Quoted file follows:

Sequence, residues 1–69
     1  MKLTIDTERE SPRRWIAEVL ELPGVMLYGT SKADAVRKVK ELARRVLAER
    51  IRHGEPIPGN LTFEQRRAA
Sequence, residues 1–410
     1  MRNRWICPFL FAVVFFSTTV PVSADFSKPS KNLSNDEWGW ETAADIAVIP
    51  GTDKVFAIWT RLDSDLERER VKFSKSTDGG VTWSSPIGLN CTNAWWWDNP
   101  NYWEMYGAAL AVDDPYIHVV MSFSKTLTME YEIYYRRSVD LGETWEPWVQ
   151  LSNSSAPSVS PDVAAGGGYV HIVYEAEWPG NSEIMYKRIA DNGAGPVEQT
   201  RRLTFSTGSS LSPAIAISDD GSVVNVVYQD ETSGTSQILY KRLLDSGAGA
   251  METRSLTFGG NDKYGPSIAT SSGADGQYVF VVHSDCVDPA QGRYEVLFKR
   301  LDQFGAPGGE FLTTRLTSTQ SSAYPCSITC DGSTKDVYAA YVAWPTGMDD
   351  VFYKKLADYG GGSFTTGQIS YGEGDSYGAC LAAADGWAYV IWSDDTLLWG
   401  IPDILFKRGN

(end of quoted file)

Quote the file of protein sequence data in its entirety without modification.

Sequence, residues 1–69
     1  MKLTIDTERE SPRRWIAEVL ELPGVMLYGT SKADAVRKVK ELARRVLAER
    51  IRHGEPIPGN LTFEQRRAA
Sequence, residues 1–410
     1  MRNRWICPFL FAVVFFSTTV PVSADFSKPS KNLSNDEWGW ETAADIAVIP
    51  GTDKVFAIWT RLDSDLERER VKFSKSTDGG VTWSSPIGLN CTNAWWWDNP
   101  NYWEMYGAAL AVDDPYIHVV MSFSKTLTME YEIYYRRSVD LGETWEPWVQ
   151  LSNSSAPSVS PDVAAGGGYV HIVYEAEWPG NSEIMYKRIA DNGAGPVEQT
   201  RRLTFSTGSS LSPAIAISDD GSVVNVVYQD ETSGTSQILY KRLLDSGAGA
   251  METRSLTFGG NDKYGPSIAT SSGADGQYVF VVHSDCVDPA QGRYEVLFKR
   301  LDQFGAPGGE FLTTRLTSTQ SSAYPCSITC DGSTKDVYAA YVAWPTGMDD
   351  VFYKKLADYG GGSFTTGQIS YGEGDSYGAC LAAADGWAYV IWSDDTLLWG
   401  IPDILFKRGN